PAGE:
When I arrived at a new company, I asked to sign all the checks for the first few months because, well, that’s just what I do. So, the first check that came through for the EDMS caught my eye since it was for twenty thousand dollars or so. For a small company, that was a lot of money. When a second check came through for about the same amount a few weeks later, I started asking a lot more questions. Then I picked up the phone and called the CEO.

“Are you aware that we’re on track to spend a quarter of a million dollars on a document management system?” I asked him.

“What’s a document management system?” he responded.

I asked to tour the computer room to see where all this money was going. In the middle of the room, rising from the floor like a gleaming black monolith, was the stack of shiny HP servers that housed the document management system, its database, and its backup. The expensive monster smirked at me. Scattered against the wall, on old carts or on the floor, were some junky-looking Compaq servers that held our clinical data, our research and engineering studies, our accounting and inventory systems, and all our personnel records. By now, the IT guys were hopping around me.

“I know how this looks. This was not my recommendation. I felt that we could make this investment in a different way. I…” the external IT consultant was CYA-ing super fast.

The technical guy was more pragmatic. “Can I use these? Because the EDMS guys won’t let me. And I want to.”

“I gotta talk to some people. Is all this stuff backed up?” I asked.

“Yep, it’s all backed up every night, and there’s a backup power supply,” they told me proudly.

I backed out the door and gave the monster a dirty look.

The next day we were scheduled to have an offsite strategic planning session, and the senior staff was ordered to leave their cellphones behind so there would be no interruptions.

“But how can I reach you if I need to talk to you?” my IT manager, Mike, asked.

“You can’t, but you won’t need to,” I said rashly.

In the middle of the morning session, my cell phone (hidden in my bag) rang. Flustered, I saw that it was Mike and hung up. It rang again. Mike. I turned it off. Go away.

A few minutes later, the Engineering VP’s cell phone (hidden in his pocket) rang. He answered surreptitiously and looked at me. I shook my head. The CEO paused in his presentation and looked at us sternly over his glasses. I shook my head more vigorously. The Engineering VP spoke quietly into the phone again and then handed it across the table to me.

“He’s making me hand this to you,” he whispered. It was Mike.

“What,” I said into the phone.

“The emergency power supply has had a catastrophic failure,” he said excitedly.

“What does that mean?” I asked.

“It kind of—blew up,” he said.

I got up and walked out of the room. I could feel the CEO’s eyes following me.

“Say that again?” I said disbelievingly.

Mike explained that the outside technician had been on site changing batteries, and when he tested the system, it suffered a “catastrophic failure.”

“You mean the technician was there when this happened?” I reiterated dumbfounded.

One of the managers appeared in the door. He had been sent to retrieve me.

“You have to come back to the meeting,” he said nervously.

“There’s been a catastrophic failure,” I told him. He went away and didn’t come back.

“What’s it going to take to fix it?” I asked into the phone.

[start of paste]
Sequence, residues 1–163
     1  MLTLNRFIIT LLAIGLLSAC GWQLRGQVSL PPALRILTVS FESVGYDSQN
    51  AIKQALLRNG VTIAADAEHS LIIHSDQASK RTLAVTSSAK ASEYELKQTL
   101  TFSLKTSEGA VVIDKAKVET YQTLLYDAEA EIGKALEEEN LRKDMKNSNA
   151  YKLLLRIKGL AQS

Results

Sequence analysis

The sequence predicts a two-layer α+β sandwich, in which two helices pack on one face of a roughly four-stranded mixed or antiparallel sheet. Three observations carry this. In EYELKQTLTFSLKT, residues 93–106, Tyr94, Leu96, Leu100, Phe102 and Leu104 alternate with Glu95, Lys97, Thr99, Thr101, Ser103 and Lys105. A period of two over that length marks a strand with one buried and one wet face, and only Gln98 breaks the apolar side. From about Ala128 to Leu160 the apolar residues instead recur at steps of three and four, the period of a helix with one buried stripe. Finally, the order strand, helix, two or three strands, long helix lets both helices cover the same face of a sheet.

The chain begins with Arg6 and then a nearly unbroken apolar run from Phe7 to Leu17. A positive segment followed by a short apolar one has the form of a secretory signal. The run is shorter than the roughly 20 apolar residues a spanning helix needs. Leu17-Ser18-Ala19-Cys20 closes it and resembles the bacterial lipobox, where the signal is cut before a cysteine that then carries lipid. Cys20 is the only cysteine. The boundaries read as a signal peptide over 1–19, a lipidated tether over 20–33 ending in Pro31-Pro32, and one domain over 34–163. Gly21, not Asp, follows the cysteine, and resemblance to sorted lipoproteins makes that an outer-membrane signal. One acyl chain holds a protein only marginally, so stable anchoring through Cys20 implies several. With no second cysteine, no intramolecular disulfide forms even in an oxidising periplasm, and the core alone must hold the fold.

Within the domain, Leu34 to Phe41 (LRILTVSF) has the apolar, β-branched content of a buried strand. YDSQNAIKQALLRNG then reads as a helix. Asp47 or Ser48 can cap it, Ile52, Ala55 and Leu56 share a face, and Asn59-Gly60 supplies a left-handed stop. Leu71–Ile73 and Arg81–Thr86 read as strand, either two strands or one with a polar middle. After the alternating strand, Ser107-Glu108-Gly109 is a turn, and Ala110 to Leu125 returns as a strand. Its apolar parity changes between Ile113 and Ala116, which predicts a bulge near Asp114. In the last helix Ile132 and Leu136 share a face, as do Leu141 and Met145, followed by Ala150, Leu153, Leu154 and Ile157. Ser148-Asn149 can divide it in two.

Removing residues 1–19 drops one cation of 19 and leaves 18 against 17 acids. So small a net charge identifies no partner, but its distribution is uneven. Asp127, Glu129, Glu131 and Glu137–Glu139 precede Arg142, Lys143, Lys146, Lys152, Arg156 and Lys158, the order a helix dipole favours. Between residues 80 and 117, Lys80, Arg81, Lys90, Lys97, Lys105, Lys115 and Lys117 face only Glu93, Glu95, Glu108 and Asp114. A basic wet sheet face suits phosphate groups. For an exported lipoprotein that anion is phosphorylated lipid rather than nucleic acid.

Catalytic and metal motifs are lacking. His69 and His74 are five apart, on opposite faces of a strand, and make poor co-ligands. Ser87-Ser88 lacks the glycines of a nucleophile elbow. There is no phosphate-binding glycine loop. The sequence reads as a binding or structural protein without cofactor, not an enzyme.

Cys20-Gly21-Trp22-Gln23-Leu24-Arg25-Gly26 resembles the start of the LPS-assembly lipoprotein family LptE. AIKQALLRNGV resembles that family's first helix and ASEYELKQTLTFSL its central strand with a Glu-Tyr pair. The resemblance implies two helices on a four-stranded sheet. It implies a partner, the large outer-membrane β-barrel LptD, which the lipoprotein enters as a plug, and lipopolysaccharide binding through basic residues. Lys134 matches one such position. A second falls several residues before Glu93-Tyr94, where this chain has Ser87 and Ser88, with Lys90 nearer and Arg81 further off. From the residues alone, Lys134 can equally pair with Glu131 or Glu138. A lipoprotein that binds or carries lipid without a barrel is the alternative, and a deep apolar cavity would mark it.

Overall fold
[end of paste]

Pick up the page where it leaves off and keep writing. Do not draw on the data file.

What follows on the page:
You guessed it. Money, lots and lots of money. Money that we didn’t have because all our IT money had been spent on, you know, the EDMS.

Nine months later, after endless meetings, explanations, presentations, arguments, and verbal fistfights, the backup power supply was fixed, and the monster now housed all our corporate information, including the EDMS shell (still not a single document was in it), and the Compaq computers had been recommissioned for less critical data processing tasks.

But more madness was around the corner.

“Now we have to validate the system,” the EDMS guys told me. And someone hired a validation consultant.
“This guy’s an expert,” they said as I dolefully watched his shiny sports car pull into the lot. The name of his company was abbreviated on his vanity license plate. The bills started rolling in. I was almost stuttering by the time I showed up at LSIT’s quarterly meeting, an organization committed to standardizing Good Informatics Practices for life science companies.

“We just added a piece of equipment, and the validation cost more than the hardware,” I said, shaking my head, now more shocked than mad. They patted me on the back and made comforting noises, but this problem was not going to get solved in the short term.

Validation took months but aged me years. It occurred to me that EDMS was an anagram of “meds.” We eventually just stopped and asked the validation consultant to go away.

Then the “Training” phase began. I discovered that I am not a “process” person. I am a “Can we actually start using this darn thing?” person. And the meetings went on and on. I remember someone pulling up a screen full of little words and fields and beginning to discuss it at length. I think the point was to select the fields that you wanted to require each user to fill in to record the metadata of the document before it could be stored on the system. There must have been fifty fields on that page. I felt physically repulsed by this screen, simultaneously bored and horrified. It dawned on me that very few people in the company would have the patience to use this system, and that I myself would never put anything in there.

When the committee began to roll out the system, the EDMS guys wanted to mandate its usage for all company departments.

“We’re not going to use it in Administration,” I said firmly.

“But we’ve spent so much money on it,” the CEO said.

“That’s true. But we don’t need both a calamity and a disaster,” I groused.

The company eventually got the document management system semi-functional. It was expensive, painful, and destructive. The money and effort would have been more productively spent developing anti-viral compounds, because that’s what we were good at. I learned that lesson the hard way. When I joined my next company, the concept of an on-line DMS that required no additional hardware was very appealing. That image of the black monolith was still easy to conjure up, particularly its mocking face and associated checks. But that’s in the past. Now I can look back on it and laugh. Mostly.

Copyright © 2011 Jennifer K. Crittenden

Published in the Mission3 Newsletter-November 22, 2011

http://www.mission3.com/company/newsletter/90